Posts Tagged Naturalist’s Color Guide
Color Catalogue for Field Biologists, by Gunther Köhler, Herpeton (http://www.herpeton-verlag.de/), 2012, 49 pages, € 24.80 (~$32.00).
For years, when it came to describing a species in the field, the gold standard in color standards was Frank B. Smithe’s “Naturalist’s Color Guide”. The Smithe Guide provided a palette of 182 color swatches against which to compare and discern the colors in a hummingbird’s ruby gorget feather or the cobalt venter scales of a “blue belly” western fence lizard. Much like the Munsell color system – familiar to many through the Munsell soil color charts used in the field by soil scientists for, among other things, wetland delineations – the Smith Guide was the go-to-guide for wildlife biologists and taxonomists who needed to record accurate and reproducible species descriptions. When the Smith Guide went out of print in 1981, it left a gap in the suite of references available to scientists.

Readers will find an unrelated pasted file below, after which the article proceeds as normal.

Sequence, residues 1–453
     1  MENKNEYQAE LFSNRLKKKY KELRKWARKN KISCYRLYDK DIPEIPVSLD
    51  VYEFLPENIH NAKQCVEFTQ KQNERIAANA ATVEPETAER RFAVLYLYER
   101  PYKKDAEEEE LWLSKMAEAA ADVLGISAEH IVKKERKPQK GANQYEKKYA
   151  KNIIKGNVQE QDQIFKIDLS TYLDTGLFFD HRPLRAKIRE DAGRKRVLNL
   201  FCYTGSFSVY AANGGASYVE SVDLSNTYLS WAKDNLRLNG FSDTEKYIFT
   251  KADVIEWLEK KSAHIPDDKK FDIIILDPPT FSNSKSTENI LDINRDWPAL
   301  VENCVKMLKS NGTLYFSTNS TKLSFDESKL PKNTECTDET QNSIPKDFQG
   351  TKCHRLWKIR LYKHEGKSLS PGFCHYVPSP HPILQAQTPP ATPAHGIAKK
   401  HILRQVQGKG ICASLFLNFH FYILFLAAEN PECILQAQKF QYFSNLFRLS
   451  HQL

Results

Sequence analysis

With the publication of Gunther Köhler’s Color Catalogue for Field Biologists, that gap is once again filled. Picking up where the Smithe Guide left off, the ‘Köhler Catalogue’ builds off the 182 original swatches with an additional 118 swatches that span the spectrum from Kingfisher Rufous and Pistachio to Light Russet Vinaceous and Cinnamon Drab. The Köhler Catalogue boasts many features, amongst them an English/Spanish translation, an introductory glossary of terms (e.g. stipples vs dots), photographic figures illustrating key terms, and a primer on preparing color descriptions in life. The heavy card stock, heavy duty front and back covers, and spiral-bound spine show that the Köhler Catalogue is meant to get dirty.
Although the guide is geared toward herpetologists (the terms and photographs, for example, illustrate the art of describing amphibians and reptiles), even Köhler admits its utility for ichthyologists, ornithologists, entomologists, botanists, and – although he neglects to mention them – mammalogists. But no matter the taxon, nowadays when you find yourself at a loss for words to describe a new species or a new specimen – be it bird or bee – you can turn to the Köhler Catalogue.